Diego: “Gastón offered me to be in a project that he was building. He wasn’t the owner, but he was hired to create the menu. So, he put me as a chef there, when I was 21. It was called Soho room. It was small, trendy. It was super trendy at the etime when they opedn. There were lines. There was a bouncer to get in. And the food was by Gastón. I had fun. I loved it. But I was 21. Then I talked to Gastón. I said I'm 21. I'm not ready to be boss. I don't want to be a chef. I need to have a mentor. I need to continue learning. So I said, I think this is not for me. He said, ‘Okay, you're going to quit. And you're going to tell them that you have 15 days. And then I want you to part of my project. My new project, but it's not ready.’ I said, Okay. So then I went back to Astrid y Gastón for four months to work on the menu of this new restaurant, which would become La Mar.”

Nick: “Let's talk about that. Because this is the same time when I first got to Peru and I was living in Peru, the year that La <ar opened. This was 2005. That's when I first got to Peru. And I was living in Peru that year and for the next few years. But for me, that was the big shift for like Peruvian food. Like, at least from an international viewpoint, even more than Astrid y Gastón. Once La Mar opened, I feel like the floodgates opened. I've always been fascinated about that moment in time. Why that restaurant? Why did that place connect with people in the way that it did? And why does it still do it? And so when you were the four months at Astrid y Gastón making the menu, what was going on? Were you guys visiting a lot of other cebicherías? Going to Sonia and things like that?”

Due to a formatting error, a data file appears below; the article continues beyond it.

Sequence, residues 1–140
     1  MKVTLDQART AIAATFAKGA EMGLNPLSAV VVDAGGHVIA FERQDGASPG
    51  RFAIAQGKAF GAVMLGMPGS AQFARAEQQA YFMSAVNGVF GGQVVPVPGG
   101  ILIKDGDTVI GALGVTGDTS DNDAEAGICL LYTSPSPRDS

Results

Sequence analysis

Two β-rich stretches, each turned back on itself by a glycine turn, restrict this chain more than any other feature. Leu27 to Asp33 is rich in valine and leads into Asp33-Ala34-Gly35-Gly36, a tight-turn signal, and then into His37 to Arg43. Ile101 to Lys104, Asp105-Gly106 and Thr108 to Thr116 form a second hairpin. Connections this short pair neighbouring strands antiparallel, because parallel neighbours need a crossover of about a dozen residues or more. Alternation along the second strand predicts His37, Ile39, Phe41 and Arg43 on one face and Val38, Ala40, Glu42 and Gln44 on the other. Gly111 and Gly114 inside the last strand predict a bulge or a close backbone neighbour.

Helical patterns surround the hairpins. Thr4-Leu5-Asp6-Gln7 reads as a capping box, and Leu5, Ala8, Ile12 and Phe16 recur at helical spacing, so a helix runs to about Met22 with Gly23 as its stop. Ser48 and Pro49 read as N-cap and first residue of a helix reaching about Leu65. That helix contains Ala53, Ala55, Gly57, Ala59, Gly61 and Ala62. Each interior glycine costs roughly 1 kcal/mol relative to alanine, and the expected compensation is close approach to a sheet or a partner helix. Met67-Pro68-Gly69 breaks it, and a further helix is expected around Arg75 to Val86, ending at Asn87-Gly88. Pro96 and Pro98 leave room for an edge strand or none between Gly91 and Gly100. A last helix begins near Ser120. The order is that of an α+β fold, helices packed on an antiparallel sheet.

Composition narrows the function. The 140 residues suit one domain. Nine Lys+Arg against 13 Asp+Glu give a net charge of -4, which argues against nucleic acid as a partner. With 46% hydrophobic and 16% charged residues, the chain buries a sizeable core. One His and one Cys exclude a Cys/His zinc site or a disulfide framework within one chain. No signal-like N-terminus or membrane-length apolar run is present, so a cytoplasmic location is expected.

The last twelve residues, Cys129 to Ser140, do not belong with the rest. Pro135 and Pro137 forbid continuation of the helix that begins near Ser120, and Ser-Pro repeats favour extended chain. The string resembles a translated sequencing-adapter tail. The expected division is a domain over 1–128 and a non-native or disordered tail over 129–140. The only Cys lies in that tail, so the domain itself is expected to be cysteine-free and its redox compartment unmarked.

Diego: “I think the team that open La Mar were so lucky. And I feel the same. I feel like that was an important moment for Peruvian gastronomy to the world. It was a success. Gastón had it very clear what he wanted. And La Mar is what he wanted. Since the beginning. It was his idea and it's exactly what he wanted. No, he wanted to have this cevicheria to be next to a sushi bar or a taqueria in any place in the world. And it was this place where you can eat traditional food, but with good ambience, good presentation. Quality control, sustainable. So like the perfect cebicheria. Without losing something.”

Nick: “Something that could be an ambassador to Peruvian food. That could be replicated anywhere. How was it formed? How did it come together in the way that it did? Do you remember?”

Diego: “I remember it was the best time of my life. And I think it was the best time of our lives for all the employees and all the people that worked there. Because it was magical. I think the success, it wasn't one thing. It was many things that made it La Mar so successful and so unique. And I'm going to tell you again, I think that people that work there made the restaurant so successful? Besides that, we knew that we cooked delicious. That Gastón’s recipes were delicious, and we were using the best quality. But in my in those things are taken for granted. I don't think it was that. I don't think we were successful because we cooked delicious, and the quality was delicious. I think it was the external things. The decoration, the plates, the energy…the energy of the restaurant was amazing. All the cooks. All the servers. So, the servers had acting classes before service. They had acting classes before service. So, there was an actor that used to go, a clown. They used to make games, how to interact with a menu with ingredients. And we also participated in some of those classes. There was a day that they read all the most relevant newspapers before service so everybody was informed on what's happening in the world so they can talk about it with a guest. So, it was a combination of a lot of things. The music. I remember, we opened from, from 11:30am to 5:30pm. There was a line already at 10am. We could see the line through the window.”

Nick: “I remember, I was there the first month and I remember. I don't know if I ever waited in line, but I probably like, had somebody else wait in line and met them at the bar or something.”